The next day, we find ourselves in the same exact spot. The only difference is that we are up against a nit. “DAMMIT!” You think to yourself. You spent 20 min the previous night on figuring out whether you can call down with A5 or not. Now you are just as clueless as you were the day before.

Game Theoretical Approach:
Ok, he is betting pot-size, so I need to defend the top 50% of my bluff-catchers to make him indifferent between bluffing and not bluffing. The 50th percentile hand in my bluff-catching region is A7. Since he’s on the looser/more aggressive side, I should expand my bluff catching range slightly to include A5 as well.

The next day, we find ourselves in the same exact spot. We already know that our weakest calling hand should be A7 by default. Since our opponent is pretty nitty, we make the simple adjustment of tightening our bluff-catching range significantly to AJ+.

How do I improve? Recommended Books and Videos?

Maybe you’re still wondering whether I’m going to answer the questions above. My answer is fairly simple – Focus on GT-related material.

Books: Headsup No Limit Hold’em by Will Tipton, Applications of No Limit Hold’em by Matthew Janda, The Mathematics of Poker by Bill Chen and Jerrod Ankenman
Videos: Sauce123, Lefort and Internet are the top 3 NLHE video producers in recent years in my opinion

That’s all from me for now.

Loved the article? Disagreed with what I just wrote? Do let me know what you think about this article in the comments section below. And if you like my content, I highly recommend subscribing to my e-mail list to receive updates.

10 comments for “Ode to Game Theory – How Game Theory revolutionized the way I approached Poker

  1. Swish
    June 15, 2014 at 7:50 am

    Why isn’t poker a symmetrical game? Take zoom 6 max for example. Can’t we say that people will equally be in the same situations over an infinite sample size? And for example if you bet on the river and you want to make your opponent indifferent to calling, isn’t the EV of your bet 0 thus break-even at best?

    • June 15, 2014 at 8:51 am

      1. It’s not symmetrical because of positions.

      Example: In a 9-handed game, you are seating on seat 1, and an aggro regular seats on your direct left. Only 1 out of 9 times, you get to play IP vs him.

      You could argue that over the long run in a zoom game, everyone will seat in every position an equal number of times. But when we analyze poker from a GTO perspective, we are usually talking about specific situations and positions.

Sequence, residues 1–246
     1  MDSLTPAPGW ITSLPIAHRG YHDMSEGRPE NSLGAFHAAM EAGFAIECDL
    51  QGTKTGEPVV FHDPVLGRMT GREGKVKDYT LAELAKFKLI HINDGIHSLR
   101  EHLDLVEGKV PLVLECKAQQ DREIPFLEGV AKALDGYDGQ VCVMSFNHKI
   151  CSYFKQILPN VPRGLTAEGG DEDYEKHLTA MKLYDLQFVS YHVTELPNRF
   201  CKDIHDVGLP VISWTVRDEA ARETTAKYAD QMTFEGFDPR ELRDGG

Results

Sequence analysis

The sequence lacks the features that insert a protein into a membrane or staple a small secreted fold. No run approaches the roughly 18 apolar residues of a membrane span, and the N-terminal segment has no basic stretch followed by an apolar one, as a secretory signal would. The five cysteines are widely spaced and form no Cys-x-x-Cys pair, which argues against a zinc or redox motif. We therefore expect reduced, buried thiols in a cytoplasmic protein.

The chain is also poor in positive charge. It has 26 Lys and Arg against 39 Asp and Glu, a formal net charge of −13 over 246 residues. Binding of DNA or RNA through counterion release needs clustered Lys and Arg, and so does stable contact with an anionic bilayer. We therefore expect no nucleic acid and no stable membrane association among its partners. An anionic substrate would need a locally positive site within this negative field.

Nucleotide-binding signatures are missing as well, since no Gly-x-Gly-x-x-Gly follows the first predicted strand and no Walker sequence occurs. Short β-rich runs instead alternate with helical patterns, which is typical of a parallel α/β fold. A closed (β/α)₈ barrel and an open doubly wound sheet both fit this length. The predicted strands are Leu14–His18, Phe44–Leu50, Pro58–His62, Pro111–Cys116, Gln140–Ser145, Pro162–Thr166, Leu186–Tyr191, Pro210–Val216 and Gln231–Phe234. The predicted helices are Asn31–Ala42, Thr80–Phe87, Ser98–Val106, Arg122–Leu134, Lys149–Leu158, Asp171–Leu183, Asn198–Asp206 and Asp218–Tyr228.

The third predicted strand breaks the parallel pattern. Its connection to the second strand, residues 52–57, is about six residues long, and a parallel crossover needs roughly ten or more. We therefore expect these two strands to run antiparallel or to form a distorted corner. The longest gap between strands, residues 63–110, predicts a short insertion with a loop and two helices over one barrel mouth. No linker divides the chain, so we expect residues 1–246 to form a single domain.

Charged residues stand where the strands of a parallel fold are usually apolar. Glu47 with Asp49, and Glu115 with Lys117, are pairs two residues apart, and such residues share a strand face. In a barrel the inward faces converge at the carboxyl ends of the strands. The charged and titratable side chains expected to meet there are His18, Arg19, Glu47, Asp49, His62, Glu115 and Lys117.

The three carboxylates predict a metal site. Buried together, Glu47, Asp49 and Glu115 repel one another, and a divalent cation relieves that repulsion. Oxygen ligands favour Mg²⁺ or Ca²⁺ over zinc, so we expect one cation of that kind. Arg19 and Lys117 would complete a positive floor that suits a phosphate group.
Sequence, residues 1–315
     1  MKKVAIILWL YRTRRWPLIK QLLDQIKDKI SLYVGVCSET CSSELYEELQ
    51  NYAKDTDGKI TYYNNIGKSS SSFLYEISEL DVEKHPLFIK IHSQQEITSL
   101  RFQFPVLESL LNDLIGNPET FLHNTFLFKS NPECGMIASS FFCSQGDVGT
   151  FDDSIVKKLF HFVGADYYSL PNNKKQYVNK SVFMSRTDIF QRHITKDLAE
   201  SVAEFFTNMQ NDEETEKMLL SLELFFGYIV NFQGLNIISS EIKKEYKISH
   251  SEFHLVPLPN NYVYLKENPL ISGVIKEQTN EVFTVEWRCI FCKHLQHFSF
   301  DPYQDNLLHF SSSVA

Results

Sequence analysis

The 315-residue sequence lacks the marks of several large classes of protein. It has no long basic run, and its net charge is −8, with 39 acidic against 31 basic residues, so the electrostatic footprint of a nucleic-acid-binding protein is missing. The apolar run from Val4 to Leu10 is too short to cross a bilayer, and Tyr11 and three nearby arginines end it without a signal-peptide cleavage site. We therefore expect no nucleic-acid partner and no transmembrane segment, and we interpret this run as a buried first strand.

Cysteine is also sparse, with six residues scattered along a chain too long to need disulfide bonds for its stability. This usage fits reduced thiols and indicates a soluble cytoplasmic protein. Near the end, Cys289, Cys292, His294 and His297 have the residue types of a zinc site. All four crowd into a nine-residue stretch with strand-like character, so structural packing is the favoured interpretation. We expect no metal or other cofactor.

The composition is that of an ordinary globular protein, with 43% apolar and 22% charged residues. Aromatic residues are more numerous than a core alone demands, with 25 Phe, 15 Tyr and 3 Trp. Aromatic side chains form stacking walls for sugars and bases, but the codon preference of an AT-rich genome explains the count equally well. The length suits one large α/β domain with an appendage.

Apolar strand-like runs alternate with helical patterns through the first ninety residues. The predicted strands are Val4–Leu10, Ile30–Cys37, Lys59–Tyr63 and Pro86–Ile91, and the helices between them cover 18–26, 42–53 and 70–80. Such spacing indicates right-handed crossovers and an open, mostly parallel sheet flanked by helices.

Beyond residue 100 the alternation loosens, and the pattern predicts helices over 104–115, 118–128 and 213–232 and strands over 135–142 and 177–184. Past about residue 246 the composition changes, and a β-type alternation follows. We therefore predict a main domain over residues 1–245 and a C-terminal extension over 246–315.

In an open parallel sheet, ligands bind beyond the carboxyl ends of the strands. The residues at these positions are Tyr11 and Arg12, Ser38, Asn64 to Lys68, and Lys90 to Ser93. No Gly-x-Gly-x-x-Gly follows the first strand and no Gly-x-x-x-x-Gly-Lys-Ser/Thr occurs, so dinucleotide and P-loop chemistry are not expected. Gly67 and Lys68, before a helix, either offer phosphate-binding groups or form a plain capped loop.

2. With a GTO strategy, your nut hands would definitely be +EV bets. Your air hands would either be breakeven, or +EV. On the other hand, your opponent will be losing money on average with his bluff catchers. This is why it’s better to play polarized ranges and play as the aggressor.

      • Swish
        June 15, 2014 at 9:29 am

        1/ You’re right, that was my point: “everyone will seat in every position an equal number of times”. Say you’re in a given situation, you solve this situation, your opponent could be in the same situation later, he solves it etc. in the end it’s symmetrical.

        2/ OK yeah, that makes sense, because of the money in the pot and the FE.

        Another point: “For the first time, I could tackle a spot which only occurs once in a million hands.” Do you mean that you can tackle it while playing or when reviewing your session? If you can tackle a spot that comes up every million hands afterwards, what is the point? There will be hundreds of spots that come up this often, memorizing them (in case you work on the spot after the session) is really sick, and I’m not counting all the other more frequent spots that come a few times every 100 hands…

        Thank you for answering. I think your article is very interesting.

  2. June 15, 2014 at 2:24 pm

    1. Yeah but usually when we analyze a game, maybe HU NLHE, we will analyze the spot such that one player will end up being the raiser and the other will end up being the caller. And when we approach it like that, the game is asymmetrical based on the given action.

    2. Going into deeper analysis will certainly help but basic GT concepts will also help you come up with good approximations in game.

    Example: Someone makes some weird aggressive play at you (like a huge overbet or a strange raise).
    I would call the top portion of my range and fold the bottom portion of my range. Where is the cutoff? You would probably need deeper analysis to find out what’s the cutoff point for calling down.

  3. Kevin
    June 15, 2014 at 11:19 pm

    “Example: Someone makes some weird aggressive play at you (like a huge overbet or a strange raise).” Oh I know that situation only too good. I can remember that I called very light and get punished hard for it. Great article! I bought the book NL Heads Up by Will Tipton long time ago but I never really studied it because I thought its only for heads up games. Maybe I should start studying there instead of playing and session reviews …

    • June 16, 2014 at 3:26 am

      Yep you probably should

  4. Vytenis
    June 16, 2014 at 6:03 pm

    Isn’t example a bit wrong, since A5 is better than A7 due to blockers ?

    • June 16, 2014 at 6:51 pm

      Sure, you certainly have a point. Frankly speaking I didn’t think through the example that much. But if 45s and 45o is part of villain’s value range, then certainly A5 > A7 here.

  5. Tema
    July 17, 2014 at 4:42 am

    Why you didn`t recommend your own book( for advanced player) in the list above?
    I thougt it based on GTO,
    (I haven`t read it yet)

      July 17, 2014 at 6:38 am

      well it does teach some basic game theory concepts, but is not a true game theory book